Of course, organizations could issue corporate policies forbidding employees from using popular services. IBM has banned Dropbox and other file-sharing and storage apps because of security vulnerabilities. Whether that proves to be the right way to go remains to be seen.
In any event, the popularity of Dropbox and similar services simply highlights the rising demand for a simple, accessible, user-friendly storage and collaboration product that enterprises and their users will embrace.
"Over the past few months, we've been seeing a lot of demand for what's been coined an 'enterprise Dropbox' application from enterprise customers," says Rani Osnat, VP of marketing at CTERA Networks. "File sharing is nothing new … what people realize, though, is there is an easier way to do so, and Dropbox has showed them the way and now they want this."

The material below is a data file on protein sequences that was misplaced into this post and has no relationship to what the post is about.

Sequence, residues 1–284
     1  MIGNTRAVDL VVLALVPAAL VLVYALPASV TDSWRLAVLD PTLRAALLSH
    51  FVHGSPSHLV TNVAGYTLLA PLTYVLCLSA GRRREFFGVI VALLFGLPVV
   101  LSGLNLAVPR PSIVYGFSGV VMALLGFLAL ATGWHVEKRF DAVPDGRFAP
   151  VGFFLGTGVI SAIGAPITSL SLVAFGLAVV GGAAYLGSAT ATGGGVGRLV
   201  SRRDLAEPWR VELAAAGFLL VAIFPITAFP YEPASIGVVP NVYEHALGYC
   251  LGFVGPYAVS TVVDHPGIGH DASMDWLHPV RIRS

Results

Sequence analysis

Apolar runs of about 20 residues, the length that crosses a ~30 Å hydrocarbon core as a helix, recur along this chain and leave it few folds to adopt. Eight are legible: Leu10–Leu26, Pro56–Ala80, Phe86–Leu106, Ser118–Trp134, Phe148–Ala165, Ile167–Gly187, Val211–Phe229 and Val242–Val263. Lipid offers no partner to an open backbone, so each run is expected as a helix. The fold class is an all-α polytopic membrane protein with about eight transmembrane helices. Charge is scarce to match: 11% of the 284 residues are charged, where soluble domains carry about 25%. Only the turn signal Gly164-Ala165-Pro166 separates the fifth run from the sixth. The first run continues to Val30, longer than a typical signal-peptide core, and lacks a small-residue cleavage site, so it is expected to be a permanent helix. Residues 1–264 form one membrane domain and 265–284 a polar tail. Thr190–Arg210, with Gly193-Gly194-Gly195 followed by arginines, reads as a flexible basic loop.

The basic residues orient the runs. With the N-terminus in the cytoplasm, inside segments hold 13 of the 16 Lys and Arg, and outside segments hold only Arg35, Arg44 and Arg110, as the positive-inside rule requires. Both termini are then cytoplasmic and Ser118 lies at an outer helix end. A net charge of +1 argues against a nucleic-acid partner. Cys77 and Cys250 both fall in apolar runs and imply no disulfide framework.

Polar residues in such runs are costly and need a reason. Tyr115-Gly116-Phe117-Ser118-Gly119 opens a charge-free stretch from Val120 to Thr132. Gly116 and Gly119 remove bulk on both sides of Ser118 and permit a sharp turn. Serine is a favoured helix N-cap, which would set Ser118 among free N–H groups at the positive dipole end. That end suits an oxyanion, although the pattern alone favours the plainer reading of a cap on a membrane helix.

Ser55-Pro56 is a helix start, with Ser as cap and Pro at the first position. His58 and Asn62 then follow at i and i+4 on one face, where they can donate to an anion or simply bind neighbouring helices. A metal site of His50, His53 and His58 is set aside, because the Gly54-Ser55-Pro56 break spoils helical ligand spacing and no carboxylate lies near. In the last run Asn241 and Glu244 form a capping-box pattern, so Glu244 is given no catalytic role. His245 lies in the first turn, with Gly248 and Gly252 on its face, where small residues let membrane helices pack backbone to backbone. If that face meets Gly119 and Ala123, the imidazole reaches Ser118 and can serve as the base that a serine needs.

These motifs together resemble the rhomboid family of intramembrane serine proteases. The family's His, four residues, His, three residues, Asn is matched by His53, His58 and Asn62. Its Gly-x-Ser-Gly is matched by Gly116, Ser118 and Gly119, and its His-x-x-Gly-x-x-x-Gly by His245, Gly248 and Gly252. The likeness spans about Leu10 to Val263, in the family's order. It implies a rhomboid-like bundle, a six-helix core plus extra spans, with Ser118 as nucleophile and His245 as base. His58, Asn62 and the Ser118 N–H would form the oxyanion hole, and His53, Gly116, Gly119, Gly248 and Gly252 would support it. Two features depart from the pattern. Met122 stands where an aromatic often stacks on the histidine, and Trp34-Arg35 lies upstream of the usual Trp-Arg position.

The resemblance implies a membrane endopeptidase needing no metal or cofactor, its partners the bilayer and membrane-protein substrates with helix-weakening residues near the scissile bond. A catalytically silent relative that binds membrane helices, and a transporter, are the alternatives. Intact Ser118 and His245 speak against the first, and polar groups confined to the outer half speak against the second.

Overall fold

Corporate IT was caught unprepared, he says--Dropbox is an external service that the IT department has no control over.
"Part of the problem is how any [corporate] data leaves your device, whether it's a laptop or mobile device, because they don't have client-side encryption," says Osnat. "It's encrypted when it gets to the cloud, but once it leaves your device, it's open. That's perfectly acceptable for family holiday photos but not for enterprise data."
Another area of concern with services such as Dropbox, he adds, is that the encryption keys for the data stored in the cloud are held by the service provider and not by the user. That, too, doesn't sit well with enterprise IT.
CTERA Networks offers an enterprise cloud storage enablement product that allows organizations to access mobile devices for storage, backup, and file sharing. "We built these capabilities based on specific customer demands and requirements, and not on hope that they will come," says Osnat.
Next: Are Cloud Storage Services Insecure?